I recently read an eBook entitled The Biblical Foundation of Wellness written by Keith M. Henry N.D.  Henry argues that, according to the Book of Genesis, there are 9 fundamental requirements for good health:

  1. Trust in the Creator
  2. Sunshine
  3. Exercise
  4. Water
  5. Fresh Air
  6. Rest
  7. Proper Diet
  8. Self Control/Temperance
  9. Positive Social Interaction and Companionship

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A Quiet Christmas

StPaulsChristmasEveAt church on Christmas Eve, several people asked me what my plans were for Christmas Day.  Most were surprised to find out that my husband and I would be spending a quiet day at home with our animals. Our only plans were to meet my mother at IHOP for lunch.
Today is the fourth day of Christmas, and my husband and I have both gotten the question, “What did you get for Christmas?”  Again, people are surprised when we either dodge the question or admit that we didn’t exchange gifts on Christmas.  People are surprised to learn that we haven’t put up a tree in years.  Not since the children were small enough to want to make Christmas decorations.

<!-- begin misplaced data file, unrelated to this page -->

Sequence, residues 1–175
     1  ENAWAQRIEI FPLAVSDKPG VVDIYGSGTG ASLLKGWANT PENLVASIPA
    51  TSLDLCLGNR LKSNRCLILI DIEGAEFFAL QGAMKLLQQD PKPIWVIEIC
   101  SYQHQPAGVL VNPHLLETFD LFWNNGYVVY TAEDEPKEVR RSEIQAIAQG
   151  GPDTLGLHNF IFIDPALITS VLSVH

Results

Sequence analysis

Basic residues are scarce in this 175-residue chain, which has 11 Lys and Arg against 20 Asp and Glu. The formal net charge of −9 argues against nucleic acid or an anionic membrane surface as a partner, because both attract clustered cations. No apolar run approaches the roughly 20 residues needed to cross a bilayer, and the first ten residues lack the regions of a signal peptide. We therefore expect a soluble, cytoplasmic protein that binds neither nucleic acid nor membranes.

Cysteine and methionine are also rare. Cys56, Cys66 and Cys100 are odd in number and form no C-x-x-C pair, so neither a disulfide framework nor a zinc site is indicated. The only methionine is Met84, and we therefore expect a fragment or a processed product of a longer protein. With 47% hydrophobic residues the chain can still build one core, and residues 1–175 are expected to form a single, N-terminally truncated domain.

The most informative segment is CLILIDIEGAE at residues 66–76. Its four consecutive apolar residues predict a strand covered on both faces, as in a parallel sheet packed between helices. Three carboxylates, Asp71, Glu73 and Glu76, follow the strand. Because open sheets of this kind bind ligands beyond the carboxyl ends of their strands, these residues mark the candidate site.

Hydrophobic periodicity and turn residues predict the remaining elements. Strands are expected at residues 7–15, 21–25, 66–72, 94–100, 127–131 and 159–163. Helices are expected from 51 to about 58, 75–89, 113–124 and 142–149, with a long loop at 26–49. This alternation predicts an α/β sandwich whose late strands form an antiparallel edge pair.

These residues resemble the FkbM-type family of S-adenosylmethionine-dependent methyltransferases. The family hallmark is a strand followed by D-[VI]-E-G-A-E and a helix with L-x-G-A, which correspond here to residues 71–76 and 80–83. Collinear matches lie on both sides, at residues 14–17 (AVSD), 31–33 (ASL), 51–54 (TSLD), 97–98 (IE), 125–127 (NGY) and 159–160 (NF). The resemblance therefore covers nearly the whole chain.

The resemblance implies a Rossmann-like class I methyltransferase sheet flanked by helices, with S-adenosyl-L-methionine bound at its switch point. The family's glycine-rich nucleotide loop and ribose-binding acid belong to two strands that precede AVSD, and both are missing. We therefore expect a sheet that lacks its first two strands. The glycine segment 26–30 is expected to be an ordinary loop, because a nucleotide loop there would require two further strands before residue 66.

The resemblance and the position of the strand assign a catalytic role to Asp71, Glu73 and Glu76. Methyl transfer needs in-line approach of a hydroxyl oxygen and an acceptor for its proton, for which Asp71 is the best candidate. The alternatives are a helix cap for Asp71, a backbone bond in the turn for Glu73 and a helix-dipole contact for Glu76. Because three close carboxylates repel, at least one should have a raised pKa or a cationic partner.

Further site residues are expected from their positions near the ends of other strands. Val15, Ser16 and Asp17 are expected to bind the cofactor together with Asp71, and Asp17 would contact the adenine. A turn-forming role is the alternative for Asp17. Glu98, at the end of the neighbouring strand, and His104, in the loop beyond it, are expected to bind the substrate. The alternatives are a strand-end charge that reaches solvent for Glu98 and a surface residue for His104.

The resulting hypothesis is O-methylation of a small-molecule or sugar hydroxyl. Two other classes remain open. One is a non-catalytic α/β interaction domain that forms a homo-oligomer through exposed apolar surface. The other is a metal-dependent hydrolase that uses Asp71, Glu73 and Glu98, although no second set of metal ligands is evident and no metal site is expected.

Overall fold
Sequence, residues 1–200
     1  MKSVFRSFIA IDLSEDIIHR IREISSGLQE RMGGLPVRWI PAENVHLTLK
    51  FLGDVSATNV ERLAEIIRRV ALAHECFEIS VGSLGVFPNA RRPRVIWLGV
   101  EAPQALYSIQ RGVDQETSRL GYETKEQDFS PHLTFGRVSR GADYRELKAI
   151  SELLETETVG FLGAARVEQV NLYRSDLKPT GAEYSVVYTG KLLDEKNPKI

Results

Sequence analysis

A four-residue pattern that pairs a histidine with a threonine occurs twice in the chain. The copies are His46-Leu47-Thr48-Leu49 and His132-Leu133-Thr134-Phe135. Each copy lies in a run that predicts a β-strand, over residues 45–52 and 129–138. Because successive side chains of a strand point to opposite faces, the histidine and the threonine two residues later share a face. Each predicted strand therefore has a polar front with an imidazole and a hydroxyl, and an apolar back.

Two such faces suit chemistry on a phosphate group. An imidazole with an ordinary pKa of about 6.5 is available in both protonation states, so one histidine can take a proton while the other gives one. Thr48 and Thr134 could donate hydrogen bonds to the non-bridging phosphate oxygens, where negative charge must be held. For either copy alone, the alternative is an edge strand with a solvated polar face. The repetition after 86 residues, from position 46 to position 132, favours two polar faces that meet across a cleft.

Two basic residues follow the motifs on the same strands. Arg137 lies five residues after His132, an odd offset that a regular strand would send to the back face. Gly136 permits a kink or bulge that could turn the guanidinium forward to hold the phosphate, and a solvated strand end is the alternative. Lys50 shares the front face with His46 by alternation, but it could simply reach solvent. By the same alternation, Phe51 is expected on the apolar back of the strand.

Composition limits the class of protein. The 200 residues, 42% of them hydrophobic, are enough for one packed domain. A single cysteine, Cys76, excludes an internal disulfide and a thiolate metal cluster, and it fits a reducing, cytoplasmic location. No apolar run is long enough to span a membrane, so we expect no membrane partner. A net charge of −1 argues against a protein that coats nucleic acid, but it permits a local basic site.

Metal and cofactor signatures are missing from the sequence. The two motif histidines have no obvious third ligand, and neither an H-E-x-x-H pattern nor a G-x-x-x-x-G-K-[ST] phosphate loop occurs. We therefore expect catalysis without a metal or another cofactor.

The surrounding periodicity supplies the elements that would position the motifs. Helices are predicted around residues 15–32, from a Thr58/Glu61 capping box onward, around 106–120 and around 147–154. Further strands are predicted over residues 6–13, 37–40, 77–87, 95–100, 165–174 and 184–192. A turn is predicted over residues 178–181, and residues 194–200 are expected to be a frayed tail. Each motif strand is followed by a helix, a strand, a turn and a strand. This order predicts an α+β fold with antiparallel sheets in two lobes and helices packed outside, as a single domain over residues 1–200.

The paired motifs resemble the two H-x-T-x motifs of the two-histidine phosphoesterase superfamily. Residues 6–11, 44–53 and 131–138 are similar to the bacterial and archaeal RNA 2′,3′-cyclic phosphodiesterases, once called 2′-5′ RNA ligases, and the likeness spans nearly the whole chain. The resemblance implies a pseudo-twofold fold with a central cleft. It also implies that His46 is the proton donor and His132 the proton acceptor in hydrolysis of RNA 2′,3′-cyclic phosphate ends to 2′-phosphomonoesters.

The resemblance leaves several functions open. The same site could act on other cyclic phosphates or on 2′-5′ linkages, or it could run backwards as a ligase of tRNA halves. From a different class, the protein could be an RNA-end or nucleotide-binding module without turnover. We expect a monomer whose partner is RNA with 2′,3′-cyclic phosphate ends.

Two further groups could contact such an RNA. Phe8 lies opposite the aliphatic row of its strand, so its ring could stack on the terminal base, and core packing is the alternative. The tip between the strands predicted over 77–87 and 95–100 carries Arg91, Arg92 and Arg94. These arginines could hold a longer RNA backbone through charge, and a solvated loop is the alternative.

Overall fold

Most people assume that we have something against Christmas or that we have bad memories and don’t want to celebrate.  Neither are necessarily true.  We care very deeply about the holiday, but we both prefer to focus on the Christian holiday rather than the common American traditions.  In fact, the older I get the more I feel like the traditional trappings of Christmas distract from my ability to appreciate and celebrate the Christian meaning of the holiday.